Sonia Sotomayor, the first Hispanic justice in the history of the U.S. Supreme Court, told Efe Thursday that Vice President Joe Biden's request that she administer the oath of office for his second term is an "improbable" dream and "a tribute to the Latino community."

Growing up in a poor neighborhood in The Bronx, "they both would have never entered my mind, either one would have been equally improbable," she said, laughing.

"It is a tribute to the Latino community, to how important we have grown in America that a vice president of the U.S. would think it appropriate to ask the first Hispanic justice on the Supreme Court to swear him in," Sotomayor said.

"We've come to such a great point that a girl of Puerto Rican parents can be before the country and the world administering the oath to the vice president," said Sotomayor, one of the nine justices-for-life on the high court.

Sotomayor will issue the oath to Biden next Sunday in a private ceremony and on Monday in a public ceremony before some 800,000 people at the Capitol.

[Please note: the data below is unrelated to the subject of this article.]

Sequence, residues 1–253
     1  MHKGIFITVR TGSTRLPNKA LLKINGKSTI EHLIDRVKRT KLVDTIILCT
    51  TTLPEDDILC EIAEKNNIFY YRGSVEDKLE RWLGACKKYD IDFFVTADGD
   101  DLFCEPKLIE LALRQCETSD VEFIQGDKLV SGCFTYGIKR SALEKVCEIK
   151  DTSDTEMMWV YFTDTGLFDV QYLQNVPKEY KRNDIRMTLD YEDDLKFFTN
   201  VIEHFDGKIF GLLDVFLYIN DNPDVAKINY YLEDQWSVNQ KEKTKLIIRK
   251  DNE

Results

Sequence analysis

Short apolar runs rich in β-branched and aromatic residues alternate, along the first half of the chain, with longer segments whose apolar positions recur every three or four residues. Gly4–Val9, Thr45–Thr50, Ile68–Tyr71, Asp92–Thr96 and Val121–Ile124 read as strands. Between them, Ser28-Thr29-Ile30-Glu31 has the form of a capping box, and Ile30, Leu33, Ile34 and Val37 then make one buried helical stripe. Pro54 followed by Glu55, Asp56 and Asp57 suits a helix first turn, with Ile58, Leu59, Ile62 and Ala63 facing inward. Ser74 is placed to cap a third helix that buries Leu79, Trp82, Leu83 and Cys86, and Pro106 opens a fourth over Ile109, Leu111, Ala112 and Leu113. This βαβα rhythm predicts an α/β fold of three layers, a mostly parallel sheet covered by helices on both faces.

The 58-year-old Sotomayor's story is one of "Yes we can" achieve the American Dream and she says it was made possible thanks to the struggle for racial integration in the United States.

In her 316-page just-released memoir "My Beloved World," Sotomayor says that she knew starting in childhood that she wanted to be a judge and that her tenacity helped her overcome the barriers of poverty and other adversity in a home with an alcoholic father and a mother who was often distant.

In her memoir, a frank and disarming account, Sotomayor speaks about her insecurities and fears, her parents' fights, her handling of her diabetes and her "extraordinary journey" to the highest court in the United States.

Although her frankness carries with it a certain amount of "vulnerability," the justice says that she wants to encourage people facing challenges to pursue their dreams.

"I do feel a very big obligation to prove myself because as I say in my book, every time one of us fails, it is looked upon as if our community fails, and so we all have an obligation to work as hard as we can to succeed and to keep the doors open for those who follow us," she says. 

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